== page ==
As a new year unfolds, many people embark on the tradition of setting resolutions or making commitments to transform their lives through goals focused on health, wellness, and personal growth. For people with an inflammatory bowel disease (IBD) like Crohn’s disease or ulcerative colitis, self-care has to play an important role in our lives throughout the year. In my two decades of living with Crohn’s disease, I’ve navigated the challenges of IBD by constantly seeking ways to enhance my well-being beyond medical treatments. While I’ve explored and found benefit from various complementary treatments in recent years, one of the ways that I initially shifted my mind-body focus was through exercise, including running half-marathons and taking barre classes. Both became part of my daily routine, along with a focus on nutrition and cross-training. Over time I began exploring complementary alternative medicine (CAM).
CAM is the term used for any medical and healthcare systems, practices, or products that are not considered standard medical care but are used alongside conventional care. CAM is classified into five major categories of practice: whole medical systems, mind-body techniques, biologically based practices, manipulative and body-based therapy, and energy therapies.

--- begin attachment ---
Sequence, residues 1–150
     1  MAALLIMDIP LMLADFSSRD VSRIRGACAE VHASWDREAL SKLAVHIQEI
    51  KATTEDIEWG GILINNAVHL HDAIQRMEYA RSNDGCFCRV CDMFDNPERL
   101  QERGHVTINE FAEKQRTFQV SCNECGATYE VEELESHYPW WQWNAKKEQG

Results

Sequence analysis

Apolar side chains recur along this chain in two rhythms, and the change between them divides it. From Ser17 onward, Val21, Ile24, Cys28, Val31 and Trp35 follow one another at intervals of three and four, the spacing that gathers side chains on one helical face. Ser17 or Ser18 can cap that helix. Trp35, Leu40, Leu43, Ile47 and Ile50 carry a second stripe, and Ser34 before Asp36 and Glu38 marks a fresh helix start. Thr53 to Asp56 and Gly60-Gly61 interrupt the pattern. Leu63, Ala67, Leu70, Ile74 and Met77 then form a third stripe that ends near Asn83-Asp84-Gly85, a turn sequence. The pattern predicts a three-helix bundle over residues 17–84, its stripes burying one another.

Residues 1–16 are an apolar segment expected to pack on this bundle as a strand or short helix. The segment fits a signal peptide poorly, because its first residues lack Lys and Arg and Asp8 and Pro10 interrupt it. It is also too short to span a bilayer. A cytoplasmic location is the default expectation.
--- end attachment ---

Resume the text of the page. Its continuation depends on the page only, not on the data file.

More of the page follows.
More research is needed on the role of CAM in IBD, although some studies show that it can control symptoms, ease pain, improve quality of life, and improve the overall attitude toward health. Some therapies may even have positive effects on the immune system. According to a review published in June 2023 in Complementary Therapies in Medicine, acupuncture has a positive therapeutic impact on IBD and can regulate inflammatory factors in people with IBD.